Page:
Absolute Difference
The absolute difference of two real numbers x and y is given by , xy, , the absolute value of their difference. It describes the distance on the real line between the points corresponding to x and y. It is a special case of the Lp distance for all 1\le p\le\infty and is the standard metric used for both the set of rational numbers \Q and their completion, the set of real numbers \R. As with any metric, the metric properties hold: * , xy, \ge 0, since absolute value is always nonnegative. * , xy, = 0 if and only if x=y. * , xy, =, yx, (''symmetry'' or ''commutativity''). * , xz, \le, xy, +, yz, ('' triangle inequality''); in the case of the absolute difference, equality holds if and only if x\le y\le z or x\ge y\ge z. By contrast, simple subtraction is not nonnegative or commutative, but it does obey the second and fourth properties above, since xy=0 if and only if x=y, and xz=(xy)+(yz). The absolute differenc ... [...More Info...] [...Related Items...] OR: [Wikipedia] [Google] [Baidu] 

Real Number Line
In elementary mathematics, a number line is a picture of a graduated straight line that serves as visual representation of the real numbers. Every point of a number line is assumed to correspond to a real number, and every real number to a point. The integers are often shown as speciallymarked points evenly spaced on the line. Although the image only shows the integers from –3 to 3, the line includes all real numbers, continuing forever in each direction, and also numbers that are between the integers. It is often used as an aid in teaching simple addition and subtraction, especially involving negative numbers. In advanced mathematics, the number line can be called as a real line or real number line, formally defined as the set of all real numbers, viewed as a geometric space, namely the Euclidean space of dimension one. It can be thought of as a vector space (or affine space), a metric space, a topological space, a measure space, or a linear continuum. Just like the set ... [...More Info...] [...Related Items...] OR: [Wikipedia] [Google] [Baidu]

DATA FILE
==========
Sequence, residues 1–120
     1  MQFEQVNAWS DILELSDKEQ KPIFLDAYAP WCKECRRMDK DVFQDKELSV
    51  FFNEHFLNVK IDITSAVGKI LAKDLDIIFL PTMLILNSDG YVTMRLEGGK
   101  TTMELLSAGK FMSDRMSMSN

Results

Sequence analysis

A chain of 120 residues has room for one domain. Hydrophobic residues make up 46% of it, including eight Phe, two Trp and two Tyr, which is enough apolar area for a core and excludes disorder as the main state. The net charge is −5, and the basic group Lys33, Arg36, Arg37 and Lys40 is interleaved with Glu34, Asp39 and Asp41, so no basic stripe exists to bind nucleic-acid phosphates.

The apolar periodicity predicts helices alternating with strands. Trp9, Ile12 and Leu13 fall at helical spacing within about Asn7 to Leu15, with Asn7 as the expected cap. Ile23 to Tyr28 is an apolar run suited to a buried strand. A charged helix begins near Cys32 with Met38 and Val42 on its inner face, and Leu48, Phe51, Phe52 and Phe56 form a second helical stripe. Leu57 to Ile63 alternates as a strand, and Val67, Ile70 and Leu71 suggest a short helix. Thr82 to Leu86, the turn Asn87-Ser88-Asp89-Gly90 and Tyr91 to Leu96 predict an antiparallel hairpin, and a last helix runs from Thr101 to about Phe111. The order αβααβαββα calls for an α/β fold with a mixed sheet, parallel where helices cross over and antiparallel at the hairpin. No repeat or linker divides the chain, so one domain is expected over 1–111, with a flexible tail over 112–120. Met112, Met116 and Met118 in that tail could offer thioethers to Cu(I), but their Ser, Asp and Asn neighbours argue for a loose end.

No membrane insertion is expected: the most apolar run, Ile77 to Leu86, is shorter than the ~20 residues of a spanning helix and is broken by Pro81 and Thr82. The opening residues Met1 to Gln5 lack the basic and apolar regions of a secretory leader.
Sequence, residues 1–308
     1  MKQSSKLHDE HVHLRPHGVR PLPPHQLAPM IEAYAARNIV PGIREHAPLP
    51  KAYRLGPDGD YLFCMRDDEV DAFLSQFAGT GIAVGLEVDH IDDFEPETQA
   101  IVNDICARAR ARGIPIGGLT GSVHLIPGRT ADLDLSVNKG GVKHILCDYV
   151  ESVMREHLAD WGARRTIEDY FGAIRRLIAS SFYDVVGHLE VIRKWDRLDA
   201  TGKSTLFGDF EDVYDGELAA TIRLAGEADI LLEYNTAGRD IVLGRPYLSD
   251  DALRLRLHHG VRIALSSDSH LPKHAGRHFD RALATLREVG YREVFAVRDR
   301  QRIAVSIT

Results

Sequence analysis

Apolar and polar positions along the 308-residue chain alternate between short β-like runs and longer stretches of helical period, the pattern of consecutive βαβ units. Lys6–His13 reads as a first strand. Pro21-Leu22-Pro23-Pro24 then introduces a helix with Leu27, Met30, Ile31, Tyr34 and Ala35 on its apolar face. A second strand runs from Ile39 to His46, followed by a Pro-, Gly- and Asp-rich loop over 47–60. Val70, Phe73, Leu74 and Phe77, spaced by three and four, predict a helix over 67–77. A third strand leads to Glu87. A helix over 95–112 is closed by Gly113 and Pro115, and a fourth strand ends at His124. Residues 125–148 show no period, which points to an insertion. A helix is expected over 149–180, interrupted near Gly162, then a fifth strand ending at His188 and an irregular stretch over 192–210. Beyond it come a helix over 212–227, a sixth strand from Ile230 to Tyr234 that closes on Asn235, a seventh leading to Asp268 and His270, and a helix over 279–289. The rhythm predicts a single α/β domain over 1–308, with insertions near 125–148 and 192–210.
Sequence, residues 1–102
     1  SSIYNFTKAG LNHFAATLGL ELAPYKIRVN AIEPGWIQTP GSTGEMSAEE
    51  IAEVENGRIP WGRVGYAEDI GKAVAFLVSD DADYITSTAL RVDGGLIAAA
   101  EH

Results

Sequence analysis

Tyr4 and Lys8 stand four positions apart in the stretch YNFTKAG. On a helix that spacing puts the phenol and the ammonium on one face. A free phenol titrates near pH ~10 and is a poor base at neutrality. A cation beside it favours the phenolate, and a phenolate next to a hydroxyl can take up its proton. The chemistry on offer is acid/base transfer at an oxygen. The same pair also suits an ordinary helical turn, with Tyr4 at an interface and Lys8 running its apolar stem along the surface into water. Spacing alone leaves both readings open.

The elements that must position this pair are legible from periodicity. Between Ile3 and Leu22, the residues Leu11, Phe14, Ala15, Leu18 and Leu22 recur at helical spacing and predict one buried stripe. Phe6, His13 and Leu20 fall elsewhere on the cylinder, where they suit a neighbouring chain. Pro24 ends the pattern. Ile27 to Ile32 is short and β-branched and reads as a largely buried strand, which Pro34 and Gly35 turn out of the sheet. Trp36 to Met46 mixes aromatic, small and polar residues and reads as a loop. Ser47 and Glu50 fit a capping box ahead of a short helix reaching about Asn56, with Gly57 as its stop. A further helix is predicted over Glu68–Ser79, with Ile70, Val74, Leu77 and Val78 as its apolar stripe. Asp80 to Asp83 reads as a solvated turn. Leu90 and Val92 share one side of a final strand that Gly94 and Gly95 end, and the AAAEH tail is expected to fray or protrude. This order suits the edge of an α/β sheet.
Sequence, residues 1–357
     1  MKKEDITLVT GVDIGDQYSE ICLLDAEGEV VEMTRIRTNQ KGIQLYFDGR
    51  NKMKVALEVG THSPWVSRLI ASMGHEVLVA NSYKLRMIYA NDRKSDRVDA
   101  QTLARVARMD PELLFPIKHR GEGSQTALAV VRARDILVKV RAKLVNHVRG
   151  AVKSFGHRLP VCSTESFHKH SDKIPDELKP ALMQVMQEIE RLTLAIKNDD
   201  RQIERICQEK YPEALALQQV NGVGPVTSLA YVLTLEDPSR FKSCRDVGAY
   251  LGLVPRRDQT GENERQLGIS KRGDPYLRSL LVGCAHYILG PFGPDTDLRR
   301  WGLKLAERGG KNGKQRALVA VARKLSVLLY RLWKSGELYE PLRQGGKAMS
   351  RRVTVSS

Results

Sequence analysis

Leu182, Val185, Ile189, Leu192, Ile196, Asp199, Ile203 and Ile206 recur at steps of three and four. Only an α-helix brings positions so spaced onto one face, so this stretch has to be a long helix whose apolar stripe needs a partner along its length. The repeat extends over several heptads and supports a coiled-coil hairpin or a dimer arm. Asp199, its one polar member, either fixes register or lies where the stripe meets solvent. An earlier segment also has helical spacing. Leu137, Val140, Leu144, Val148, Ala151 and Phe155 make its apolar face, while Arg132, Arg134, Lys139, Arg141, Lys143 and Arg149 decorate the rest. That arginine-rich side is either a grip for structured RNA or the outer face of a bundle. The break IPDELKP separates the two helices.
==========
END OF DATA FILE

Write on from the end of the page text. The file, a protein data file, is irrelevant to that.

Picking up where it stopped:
Analytic Geometry
In classical mathematics, analytic geometry, also known as coordinate geometry or Cartesian geometry, is the study of geometry using a coordinate system. This contrasts with synthetic geometry. Analytic geometry is used in physics and engineering, and also in aviation, rocketry, space science, and spaceflight. It is the foundation of most modern fields of geometry, including algebraic, differential, discrete and computational geometry. Usually the Cartesian coordinate system is applied to manipulate equations for planes, straight lines, and circles, often in two and sometimes three dimensions. Geometrically, one studies the Euclidean plane (two dimensions) and Euclidean space. As taught in school books, analytic geometry can be explained more simply: it is concerned with defining and representing geometric shapes in a numerical way and extracting numerical information from shapes' numerical definitions and representations. That the algebra of the real numbers can be emplo ... [...More Info...] [...Related Items...] OR: [Wikipedia] [Google] [Baidu]